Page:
Fed. R. Evid. 404(b). Rule 404(b) limits the evidentiary admission of extrinsic acts. The rule "is designed to guard against the inherent danger that the admission of 'other acts' evidence might lead a jury to convict a defendant not of the charged offense, but instead of an extrinsic offense." United States v. Sumiin, 489 F.3d 683, 689 (5th Cir. 2007). Beechum imposes a two-step analysis to determine the admissibility of extrinsic act evidence: (1) the court must first determine whether the extrinsic act is relevant to an issue other than the defendant's character; and (2) the court must ensure the probative value of the evidence is not outweighed by its prejudice. Beechum, 582 F.2d at 911.

         Here, the Government submits that the evidence is relevant to prove background, absence of mistake, knowledge, intent, plan, motive, and modus operandi. Under Beechum's first step, to determine relevancy, the Court must assess whether the Government has offered sufficient proof that the Defendant committed the extrinsic act. Sumiin, 489 F.3d at 691. In order to make this determination, the Court requires more foundation to be laid by the Government. The time frame in which the witness observed Green with a gun needs to be narrowed. Simply saying that the witness saw the gun on numerous occasions within 2016 will likely not be sufficient. Also, the Court requires more information about where the gun was located when the witness observed it. The statement provided to the Court is that the gun "was in the center console of the vehicle Green was in or in-between the driver's seat and the center console." The witness identified Green's vehicle as a white Dodge Challenger with orange racing stripes, and also indicated that Green had been seen driving a tan Tahoe or Suburban, as well as a small silver sedan. In which vehicle or vehicles was the gun observed? Was it in one of the aforementioned vehicles which Green had been seen driving? Or, rather, was it in another vehicle unconnected to Green? During these drug sales, was Green the driver of the vehicle; was he alone in the vehicle; or were others in the vehicle with him?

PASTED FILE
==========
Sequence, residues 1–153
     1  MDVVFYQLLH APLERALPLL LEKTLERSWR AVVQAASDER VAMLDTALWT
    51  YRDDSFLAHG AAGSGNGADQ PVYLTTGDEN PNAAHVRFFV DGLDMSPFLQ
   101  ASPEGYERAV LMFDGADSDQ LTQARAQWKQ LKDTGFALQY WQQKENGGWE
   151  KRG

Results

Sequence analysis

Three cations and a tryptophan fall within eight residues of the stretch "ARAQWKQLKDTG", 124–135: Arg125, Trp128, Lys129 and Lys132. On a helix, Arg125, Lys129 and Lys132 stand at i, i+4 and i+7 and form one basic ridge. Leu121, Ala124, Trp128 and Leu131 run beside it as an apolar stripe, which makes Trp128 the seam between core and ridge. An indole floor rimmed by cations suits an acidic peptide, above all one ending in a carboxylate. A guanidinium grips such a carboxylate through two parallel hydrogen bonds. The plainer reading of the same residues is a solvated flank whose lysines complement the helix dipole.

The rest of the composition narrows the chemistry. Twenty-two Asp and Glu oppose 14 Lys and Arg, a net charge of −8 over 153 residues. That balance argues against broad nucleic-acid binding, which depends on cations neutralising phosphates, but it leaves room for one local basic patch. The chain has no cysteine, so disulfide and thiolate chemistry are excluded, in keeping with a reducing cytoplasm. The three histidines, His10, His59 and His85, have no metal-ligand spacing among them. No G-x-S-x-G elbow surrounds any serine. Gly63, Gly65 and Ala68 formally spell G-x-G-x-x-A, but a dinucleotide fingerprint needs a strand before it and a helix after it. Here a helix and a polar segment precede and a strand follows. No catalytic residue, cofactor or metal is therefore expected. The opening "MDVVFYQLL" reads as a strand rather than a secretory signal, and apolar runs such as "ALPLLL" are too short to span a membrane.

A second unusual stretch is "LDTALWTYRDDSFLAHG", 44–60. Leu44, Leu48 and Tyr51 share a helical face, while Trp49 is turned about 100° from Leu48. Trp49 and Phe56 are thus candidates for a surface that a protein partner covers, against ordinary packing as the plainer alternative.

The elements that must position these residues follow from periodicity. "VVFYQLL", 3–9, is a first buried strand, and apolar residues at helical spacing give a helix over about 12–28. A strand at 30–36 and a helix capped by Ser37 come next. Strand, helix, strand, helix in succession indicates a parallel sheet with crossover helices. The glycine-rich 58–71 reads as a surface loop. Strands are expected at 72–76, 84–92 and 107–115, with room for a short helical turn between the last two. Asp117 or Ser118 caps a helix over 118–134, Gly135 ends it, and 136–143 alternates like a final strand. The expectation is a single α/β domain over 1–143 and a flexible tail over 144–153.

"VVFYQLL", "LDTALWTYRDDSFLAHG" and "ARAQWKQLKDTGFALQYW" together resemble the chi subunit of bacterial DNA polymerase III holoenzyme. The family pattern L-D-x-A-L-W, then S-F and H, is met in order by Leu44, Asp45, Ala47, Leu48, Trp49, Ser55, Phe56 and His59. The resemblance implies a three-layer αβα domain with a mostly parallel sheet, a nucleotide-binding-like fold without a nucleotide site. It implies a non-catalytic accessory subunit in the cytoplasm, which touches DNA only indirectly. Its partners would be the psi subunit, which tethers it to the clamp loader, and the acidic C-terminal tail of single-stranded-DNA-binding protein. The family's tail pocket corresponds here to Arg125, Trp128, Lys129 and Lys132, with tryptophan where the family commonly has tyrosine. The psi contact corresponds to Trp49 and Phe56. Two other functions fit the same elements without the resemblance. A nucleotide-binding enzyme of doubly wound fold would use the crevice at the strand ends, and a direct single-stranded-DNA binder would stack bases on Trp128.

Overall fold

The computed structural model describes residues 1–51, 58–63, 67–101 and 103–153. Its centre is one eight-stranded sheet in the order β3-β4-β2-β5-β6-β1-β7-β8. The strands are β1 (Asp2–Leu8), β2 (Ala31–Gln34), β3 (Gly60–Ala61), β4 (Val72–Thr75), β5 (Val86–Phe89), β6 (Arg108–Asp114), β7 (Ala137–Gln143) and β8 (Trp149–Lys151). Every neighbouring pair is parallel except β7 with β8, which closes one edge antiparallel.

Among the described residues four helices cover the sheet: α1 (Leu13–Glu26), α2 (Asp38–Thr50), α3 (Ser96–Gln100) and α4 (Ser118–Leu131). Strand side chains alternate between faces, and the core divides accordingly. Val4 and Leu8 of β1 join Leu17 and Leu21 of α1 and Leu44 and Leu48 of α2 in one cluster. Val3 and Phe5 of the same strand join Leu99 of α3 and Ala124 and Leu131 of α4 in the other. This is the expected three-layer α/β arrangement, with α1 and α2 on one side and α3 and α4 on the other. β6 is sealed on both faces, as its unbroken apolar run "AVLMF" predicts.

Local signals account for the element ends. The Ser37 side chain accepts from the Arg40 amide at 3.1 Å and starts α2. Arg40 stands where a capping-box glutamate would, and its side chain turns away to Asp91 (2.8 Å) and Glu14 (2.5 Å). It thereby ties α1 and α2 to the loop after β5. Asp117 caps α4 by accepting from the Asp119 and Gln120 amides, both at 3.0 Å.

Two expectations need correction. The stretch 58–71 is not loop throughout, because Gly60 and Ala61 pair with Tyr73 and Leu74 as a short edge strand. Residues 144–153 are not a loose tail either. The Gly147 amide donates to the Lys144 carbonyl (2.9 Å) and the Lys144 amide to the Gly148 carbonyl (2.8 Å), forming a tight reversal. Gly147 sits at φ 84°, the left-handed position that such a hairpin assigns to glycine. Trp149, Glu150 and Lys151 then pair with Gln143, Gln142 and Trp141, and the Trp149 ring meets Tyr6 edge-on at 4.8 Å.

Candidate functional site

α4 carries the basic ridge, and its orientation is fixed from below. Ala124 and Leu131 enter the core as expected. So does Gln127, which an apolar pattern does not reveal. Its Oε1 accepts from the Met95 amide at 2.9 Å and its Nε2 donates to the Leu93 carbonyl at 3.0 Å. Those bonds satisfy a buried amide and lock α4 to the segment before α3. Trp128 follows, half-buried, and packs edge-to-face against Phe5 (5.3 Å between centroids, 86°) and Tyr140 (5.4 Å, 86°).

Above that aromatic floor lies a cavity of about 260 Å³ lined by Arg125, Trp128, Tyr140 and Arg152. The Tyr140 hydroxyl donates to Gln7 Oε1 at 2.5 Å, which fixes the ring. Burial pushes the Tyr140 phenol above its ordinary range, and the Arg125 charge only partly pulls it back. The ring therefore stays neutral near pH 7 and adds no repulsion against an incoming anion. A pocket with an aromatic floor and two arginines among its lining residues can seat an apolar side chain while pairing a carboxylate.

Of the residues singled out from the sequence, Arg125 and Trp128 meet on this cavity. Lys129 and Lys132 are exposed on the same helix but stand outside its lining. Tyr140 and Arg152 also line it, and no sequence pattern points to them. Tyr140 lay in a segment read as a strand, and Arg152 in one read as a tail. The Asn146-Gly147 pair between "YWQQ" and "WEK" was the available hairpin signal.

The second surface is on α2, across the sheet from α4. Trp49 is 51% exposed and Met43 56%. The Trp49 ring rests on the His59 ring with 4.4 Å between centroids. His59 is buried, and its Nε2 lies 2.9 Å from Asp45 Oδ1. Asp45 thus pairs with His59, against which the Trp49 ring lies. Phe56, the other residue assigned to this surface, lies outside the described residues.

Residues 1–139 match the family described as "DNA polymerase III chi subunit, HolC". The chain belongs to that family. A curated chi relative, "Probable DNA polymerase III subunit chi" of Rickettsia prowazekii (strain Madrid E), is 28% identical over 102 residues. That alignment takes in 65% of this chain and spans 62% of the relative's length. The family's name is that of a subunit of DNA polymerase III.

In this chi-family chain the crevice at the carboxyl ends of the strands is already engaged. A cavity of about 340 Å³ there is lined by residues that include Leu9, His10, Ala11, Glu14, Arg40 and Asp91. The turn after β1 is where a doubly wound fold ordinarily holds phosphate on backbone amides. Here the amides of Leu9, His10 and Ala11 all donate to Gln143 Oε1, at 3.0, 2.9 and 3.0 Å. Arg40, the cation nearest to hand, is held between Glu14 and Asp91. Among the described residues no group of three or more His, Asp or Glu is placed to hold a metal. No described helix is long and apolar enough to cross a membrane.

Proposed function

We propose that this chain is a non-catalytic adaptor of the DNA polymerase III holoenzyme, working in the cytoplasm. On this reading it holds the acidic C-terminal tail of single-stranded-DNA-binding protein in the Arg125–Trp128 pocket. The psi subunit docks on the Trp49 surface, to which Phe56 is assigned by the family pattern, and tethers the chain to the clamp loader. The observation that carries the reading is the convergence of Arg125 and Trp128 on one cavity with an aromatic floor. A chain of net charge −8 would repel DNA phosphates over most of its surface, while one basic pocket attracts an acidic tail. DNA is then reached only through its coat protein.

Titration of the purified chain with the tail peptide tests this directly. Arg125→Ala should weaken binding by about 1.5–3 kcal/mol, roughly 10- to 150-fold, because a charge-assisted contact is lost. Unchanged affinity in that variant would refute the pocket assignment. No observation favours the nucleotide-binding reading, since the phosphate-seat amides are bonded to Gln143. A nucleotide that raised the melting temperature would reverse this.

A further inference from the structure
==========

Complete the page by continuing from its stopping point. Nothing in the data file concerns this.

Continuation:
Presuming these details are satisfactorily explained and there is an established nexus between Green and the gun(s), the Court finds the evidence admissible under Rule 404(b).[2] Evidence of prior possession of a gun is plainly relevant, and this Court would be inclined to admit such evidence at trial. However, the issue here, and the focus of Green's opposition, is that the witness's testimony will indicate that the circumstances which led the witness to observe the gun happened to be during several drug sales. The defense contends that any testimony that Green "is a street-level dealer" is not relevant to anything other than his character, and thus, such testimony should be excluded. While Green admits that the Government's theory that drug dealers possess firearms for personal protection might be relevant in a drug case, he submits it is not relevant in a firearms case.

         The Fifth Circuit "has recognized that possession of firearms is highly probative in proving criminal intent, since firearms have been recognized as'tools of the trade' of those engaged in illegal drug activities." United States v. Townsend, 1999 WL 427597, *9 (5th Cir. 1999) (quoting United States v. Martinez, 808 F.2d 1050, 1057 (5th Cir. 1987)). More specifically, the Fifth Circuit has cited with approval the First Circuit's decision in United States v. Weems, 322 F.3d 18 (1st Cir. 2003), wherein the First Circuit held that evidence of drug dealing at the house where the defendant was arrested was admissible in ...